Imagining a Chelsea Without Captain, Leader, Legend John Terry

Garry Hayes@@garryhayesFeatured ColumnistMay 8, 2014

Chelsea's John Terry applauds the fans as he walks around the pitch at the end of their English Premier League soccer match against Norwich City, at the Stamford Bridge Stadium in London, Sunday, May 4, 2014. (AP Photo/Bogdan Maran)
Bogdan Maran/Associated Press

John Terry and Chelsea have a defining decision to make in the coming weeks: Will he stay or will he go?

The Chelsea captain's contract expires at the end of June and so far there hasn't been too much by way of developments outside of inevitable rumor-mongering.

Sky Sports suggested in April Terry was close to signing a one-year extension, although more recently The Mirror has intimated his days at Stamford Bridge are numbered.

Where will it all end? For some Blues fans, the latter is almost too much to consider.

After all, Terry is one of them. He came through the ranks at Chelsea and has gone on to become the most successful player to captain the club, winning three league titles, four FA Cups and two League Cups.

Had it not been for suspension and injury respectively, he would have captained Chelsea to Champions League and Europa League glory in 2012 and 2013.

The banner hanging proudly in the Matthew Harding Stand behind the goal he helps defend so heroically reads: Captain, Leader, Legend.

And John Terry is.

Bogdan Maran/Associated Press

There will be a time when his body can no longer take the brutal hits week after week, but that isn't right now.

Allowing Terry to leave this summer, especially after the season he has just had, would be premature. It would be an act of folly on a monumental scale.

With Jose Mourinho back at the helm, the 33-year-old has enjoyed a renaissance, a return to self.

Leading from the front as ever, Terry has been among the club's most consistent performers, helping Chelsea to record the best defensive record in the Premier League.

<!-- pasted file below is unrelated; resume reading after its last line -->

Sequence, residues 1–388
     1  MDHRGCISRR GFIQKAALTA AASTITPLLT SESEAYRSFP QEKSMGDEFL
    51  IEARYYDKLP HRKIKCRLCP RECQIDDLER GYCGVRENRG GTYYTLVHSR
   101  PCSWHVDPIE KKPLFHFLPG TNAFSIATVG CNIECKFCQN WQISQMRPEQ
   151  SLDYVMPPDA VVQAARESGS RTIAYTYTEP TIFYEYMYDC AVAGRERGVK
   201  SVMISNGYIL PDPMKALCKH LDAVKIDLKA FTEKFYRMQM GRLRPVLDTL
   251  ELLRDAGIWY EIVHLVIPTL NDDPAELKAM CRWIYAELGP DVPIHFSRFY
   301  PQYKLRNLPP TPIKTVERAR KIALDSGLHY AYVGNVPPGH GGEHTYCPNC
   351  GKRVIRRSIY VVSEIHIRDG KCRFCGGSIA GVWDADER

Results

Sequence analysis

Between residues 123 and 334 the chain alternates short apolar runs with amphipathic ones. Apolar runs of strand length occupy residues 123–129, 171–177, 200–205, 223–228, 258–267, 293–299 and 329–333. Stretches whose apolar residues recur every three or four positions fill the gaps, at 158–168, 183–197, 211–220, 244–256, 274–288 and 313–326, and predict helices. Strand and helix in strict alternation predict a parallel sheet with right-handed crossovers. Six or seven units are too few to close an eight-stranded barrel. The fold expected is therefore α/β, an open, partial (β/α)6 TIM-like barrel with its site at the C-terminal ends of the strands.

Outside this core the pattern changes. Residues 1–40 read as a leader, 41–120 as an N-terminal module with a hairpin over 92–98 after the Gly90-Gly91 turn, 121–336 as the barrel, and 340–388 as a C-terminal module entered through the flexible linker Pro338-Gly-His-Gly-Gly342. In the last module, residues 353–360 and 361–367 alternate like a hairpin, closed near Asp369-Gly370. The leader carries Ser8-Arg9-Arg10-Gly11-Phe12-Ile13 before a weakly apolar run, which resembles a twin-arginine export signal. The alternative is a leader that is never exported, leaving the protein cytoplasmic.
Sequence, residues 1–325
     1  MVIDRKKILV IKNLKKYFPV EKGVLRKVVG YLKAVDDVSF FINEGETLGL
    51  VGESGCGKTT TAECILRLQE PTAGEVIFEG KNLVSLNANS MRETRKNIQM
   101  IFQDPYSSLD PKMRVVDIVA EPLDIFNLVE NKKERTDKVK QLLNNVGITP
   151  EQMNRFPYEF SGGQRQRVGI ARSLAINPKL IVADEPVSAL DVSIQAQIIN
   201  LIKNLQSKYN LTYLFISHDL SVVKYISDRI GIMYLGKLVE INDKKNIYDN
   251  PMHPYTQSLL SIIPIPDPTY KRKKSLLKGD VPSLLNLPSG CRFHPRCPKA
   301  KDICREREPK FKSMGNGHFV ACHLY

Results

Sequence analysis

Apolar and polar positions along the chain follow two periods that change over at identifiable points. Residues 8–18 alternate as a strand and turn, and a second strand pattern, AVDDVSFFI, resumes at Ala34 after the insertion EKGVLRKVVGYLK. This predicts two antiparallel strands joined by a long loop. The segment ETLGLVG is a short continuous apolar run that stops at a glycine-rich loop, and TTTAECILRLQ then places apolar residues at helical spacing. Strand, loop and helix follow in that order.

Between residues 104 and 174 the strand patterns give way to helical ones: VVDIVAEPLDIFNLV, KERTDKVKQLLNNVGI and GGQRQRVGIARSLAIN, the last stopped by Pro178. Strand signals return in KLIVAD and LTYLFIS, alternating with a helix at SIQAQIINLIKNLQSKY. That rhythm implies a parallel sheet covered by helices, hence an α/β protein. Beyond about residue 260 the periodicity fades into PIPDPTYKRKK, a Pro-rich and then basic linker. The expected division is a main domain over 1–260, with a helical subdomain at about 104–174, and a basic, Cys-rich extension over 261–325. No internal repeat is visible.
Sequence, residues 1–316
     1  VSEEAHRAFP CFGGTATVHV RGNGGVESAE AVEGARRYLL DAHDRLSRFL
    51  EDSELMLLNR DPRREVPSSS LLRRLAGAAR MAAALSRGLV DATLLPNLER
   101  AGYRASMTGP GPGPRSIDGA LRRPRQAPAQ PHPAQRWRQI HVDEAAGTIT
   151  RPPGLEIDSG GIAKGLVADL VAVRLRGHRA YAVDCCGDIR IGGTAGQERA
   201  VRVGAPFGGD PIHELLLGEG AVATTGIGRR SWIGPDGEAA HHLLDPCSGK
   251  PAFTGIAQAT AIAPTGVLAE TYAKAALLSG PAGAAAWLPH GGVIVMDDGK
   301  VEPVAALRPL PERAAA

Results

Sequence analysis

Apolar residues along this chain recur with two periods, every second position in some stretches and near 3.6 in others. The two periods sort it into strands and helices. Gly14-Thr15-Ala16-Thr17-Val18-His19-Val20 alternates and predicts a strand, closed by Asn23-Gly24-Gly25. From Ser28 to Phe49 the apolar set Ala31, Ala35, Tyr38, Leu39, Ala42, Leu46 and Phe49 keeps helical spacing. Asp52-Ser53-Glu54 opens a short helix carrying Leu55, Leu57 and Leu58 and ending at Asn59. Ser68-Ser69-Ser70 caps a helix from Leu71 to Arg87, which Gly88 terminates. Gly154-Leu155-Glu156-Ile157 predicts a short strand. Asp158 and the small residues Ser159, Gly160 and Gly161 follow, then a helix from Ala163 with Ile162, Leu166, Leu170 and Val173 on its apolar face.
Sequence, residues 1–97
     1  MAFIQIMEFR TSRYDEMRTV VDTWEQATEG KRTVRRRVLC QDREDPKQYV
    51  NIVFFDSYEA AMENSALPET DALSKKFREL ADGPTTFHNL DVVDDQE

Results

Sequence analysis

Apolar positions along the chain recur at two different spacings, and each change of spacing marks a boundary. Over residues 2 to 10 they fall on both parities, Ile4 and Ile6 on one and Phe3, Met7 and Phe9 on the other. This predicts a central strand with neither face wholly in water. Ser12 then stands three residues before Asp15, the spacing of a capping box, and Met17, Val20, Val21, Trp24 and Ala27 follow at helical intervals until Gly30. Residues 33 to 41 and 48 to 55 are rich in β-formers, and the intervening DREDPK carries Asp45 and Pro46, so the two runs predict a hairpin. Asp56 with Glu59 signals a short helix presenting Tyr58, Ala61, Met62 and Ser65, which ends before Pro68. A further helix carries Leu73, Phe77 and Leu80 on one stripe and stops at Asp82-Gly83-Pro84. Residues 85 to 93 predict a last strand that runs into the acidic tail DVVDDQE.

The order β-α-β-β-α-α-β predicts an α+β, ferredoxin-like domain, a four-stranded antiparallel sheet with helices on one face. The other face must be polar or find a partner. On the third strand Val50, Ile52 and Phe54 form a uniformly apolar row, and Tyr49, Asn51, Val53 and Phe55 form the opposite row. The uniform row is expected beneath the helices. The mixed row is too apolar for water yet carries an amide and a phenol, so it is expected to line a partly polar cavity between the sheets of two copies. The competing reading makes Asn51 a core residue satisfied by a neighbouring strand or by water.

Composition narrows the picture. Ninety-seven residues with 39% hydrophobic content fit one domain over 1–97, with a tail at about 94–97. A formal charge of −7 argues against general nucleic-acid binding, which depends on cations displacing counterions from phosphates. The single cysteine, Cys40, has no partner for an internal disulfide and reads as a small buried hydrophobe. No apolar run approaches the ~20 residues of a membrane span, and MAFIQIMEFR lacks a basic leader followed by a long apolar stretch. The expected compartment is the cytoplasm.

His influence is about so much more than what happens on the pitch, however.

MATT DUNHAM/Associated Press

Terry has worn his Mr. Chelsea tag as a badge of honor throughout his illustrious career. By losing him, Chelsea will be losing a significant part of what makes the club what it is.

There have been scandals, damning indictments on his character, yet it's never impacted his relationship with the Blues and the club's supporters. If anything, it's made it stronger.

Every club needs a figurehead and Terry is Chelsea's. Should he leave now, who is there to pick up the mantle?

The answer is simple: Nobody.

In the Chelsea squad right now, there is no other player who carries the authority and leadership Terry does. Frank Lampard comes close, but at 35 and with his contract also set to expire, question marks are also hanging over his future.

LONDON, ENGLAND - MAY 30:  Captain John Terry (3rdL) of Chelsea lifts the trophy with Frank Lampard following victory during the FA Cup sponsored by E.ON Final match between Chelsea and Everton at Wembley Stadium on May 30, 2009 in London, England.  (Phot
Mike Hewitt/Getty Images

Terry is the connection from the terraces to the boardroom and in some ways, that's more valuable than anything he can do on the pitch.

The political impact he has is not to be underestimated. Without him, Chelsea run the risk of everything they're trying to build crumbling.

When Mourinho first departed Stamford Bridge, we saw the impact that losing a man of such significance can have on a club. There was no replacement lined up and the Blues struggled to get over the loss.

Reaching the Champions League final that year only acted to paper over the cracks.

Mourinho had left before his time was up. It was too sudden and now Chelsea have returned to him to take the club forward once more.

At Terry's age, hindsight is a luxury both he and the club do not have, though. They're strongest together and the quicker they realize that, the better it will be for all involved.

Ahead of the last home game of 2013-14, Terry outlined in his programme notes just what it means to represent Chelsea. He even included a photo of himself as a youngster in Chelsea colors.

The Blues have all the money they need to buy talented players, but they cannot buy that level of sentiment that breeds a sense of belonging and culture.

They need their captain, leader, legend as much now as ever before.

Garry Hayes is Bleacher Report's lead Chelsea correspondent and will be following the club from a London base throughout the 2013-14 season. Follow him on Twitter @garryhayes


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